Friday, April 1, 2016

Free Fiction: Blueberries

Hyle mucked his way up the hill to the clearing. Mud squished under his boots and each time he pulled a foot forward an accompanying sucking sound issued forth. He squelched along the path, usually bone dry in the summer, and normally only a little tacky at this time of year, but the uncommon rains soaked the ground until nothing remained of the dirt except over-watered mud.

He moved the heavy bag he carried from one arm to the other, to give his muscles a rest. The weight unbalanced him just enough that he needed to choose his steps with care, lest the slippery mud release and carry him down the hill on his backside. The bag contained compost he’d made in his own bins, which sat at the back of the house and collected vegetable peelings and apple cores.

He intended to add the compost to the area surrounding the blueberry bushes he’d planted three years ago. He and Tony. They’d dug up the ground together and put the tiny little bushes—really more like sticks—in, and pulled the dirt back on top to cover their roots. They’d dreamed of a nice blueberry patch up here, out of the way, hidden from prying, hungry eyes. The birds might nibble a few, and perhaps the rabbits, too. The neighbors would be none the wiser. Hyle had dutifully wrapped fencing around the little plot of land where the bushes grew, to keep out the little critters.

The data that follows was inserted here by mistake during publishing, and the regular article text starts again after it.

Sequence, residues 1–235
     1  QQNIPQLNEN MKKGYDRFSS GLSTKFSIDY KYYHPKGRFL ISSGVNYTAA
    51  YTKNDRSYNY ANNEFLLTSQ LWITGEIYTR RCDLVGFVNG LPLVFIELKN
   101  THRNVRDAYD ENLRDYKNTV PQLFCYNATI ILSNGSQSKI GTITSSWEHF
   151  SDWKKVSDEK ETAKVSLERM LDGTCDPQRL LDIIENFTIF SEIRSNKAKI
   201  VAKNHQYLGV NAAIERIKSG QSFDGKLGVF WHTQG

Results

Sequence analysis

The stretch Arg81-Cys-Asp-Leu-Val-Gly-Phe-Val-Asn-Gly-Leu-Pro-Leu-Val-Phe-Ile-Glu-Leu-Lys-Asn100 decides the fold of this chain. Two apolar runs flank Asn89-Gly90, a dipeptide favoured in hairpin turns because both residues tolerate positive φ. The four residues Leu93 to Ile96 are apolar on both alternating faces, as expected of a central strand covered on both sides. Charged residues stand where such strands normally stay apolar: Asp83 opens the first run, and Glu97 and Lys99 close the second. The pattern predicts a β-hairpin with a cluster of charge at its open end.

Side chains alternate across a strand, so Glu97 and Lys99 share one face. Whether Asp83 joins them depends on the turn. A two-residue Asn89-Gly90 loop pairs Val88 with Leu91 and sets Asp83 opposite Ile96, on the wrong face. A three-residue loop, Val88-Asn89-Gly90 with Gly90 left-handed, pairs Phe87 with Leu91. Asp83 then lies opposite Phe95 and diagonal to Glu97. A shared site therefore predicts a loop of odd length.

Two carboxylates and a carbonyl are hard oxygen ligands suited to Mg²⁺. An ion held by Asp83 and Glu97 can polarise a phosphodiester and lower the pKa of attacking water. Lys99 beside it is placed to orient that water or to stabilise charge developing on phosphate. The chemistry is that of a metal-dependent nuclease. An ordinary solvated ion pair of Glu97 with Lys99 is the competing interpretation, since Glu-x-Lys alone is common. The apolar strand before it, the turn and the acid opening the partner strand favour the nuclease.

It was a good dream. A nice dream.

Except Tony wasn’t around anymore. Tony dreamed big, but he didn’t wait around for things to grow. He found greener pastures and kicked up his heels with others who had thorny blackberry patches tucked away in the corners of their land. Tony flitted like a bumble bee from one blooming flower to the next.

But Hyle remained behind, and his patience was still intact. He meant to follow through on the dream, even if he did it alone. The blueberry bushes should come into their own this summer, and the berries should be plentiful. He could almost taste the ripe, summer-sun drenched berry.

He crested the top of the slope and the path dried somewhat. The runoff down the hill stayed wet, but up here, the dirt was rich and dark. The spot was perfect, with pine trees on the outer edge to provide a hint of shade and a touch of acidity. There was good drainage of the ample rain and the westering sun provided enough sunlight to keep any plant happy.

Hyle stopped to gaze on his patch. The bushes showed signs of coming back to life after a snowy winter sleep, with green leaves and branches stretching toward the sky. Hyle frowned. Three of the bushes looked washed out. He plopped the bag down at the edge of the patch and walked over to examine the bushes. Seven other bushes remained, healthy and hearty, but these three bushes had been ruined.

Hyle ran his fingers through the dirt. There didn’t seem any reason for the dead bushes, but dried out and stick-like, they were obviously dead. Except….

Hyle thought back to the day they’d planted the bushes. As usual, Tony had frittered the time away, joking and laughing. In the warm afternoon, his heart full of affection, Hyle hadn’t minded. But he’d done the bulk of the work. He’d dug most of the holes, and he’d covered over the roots, of exactly seven of the bushes. Tony had done three.

Hyle stood up and returned to his bag of compost. The taste of regret lingered in the back of his throat. The poor little blueberry bushes had deserved a better fate. But then again, so had Hyle.

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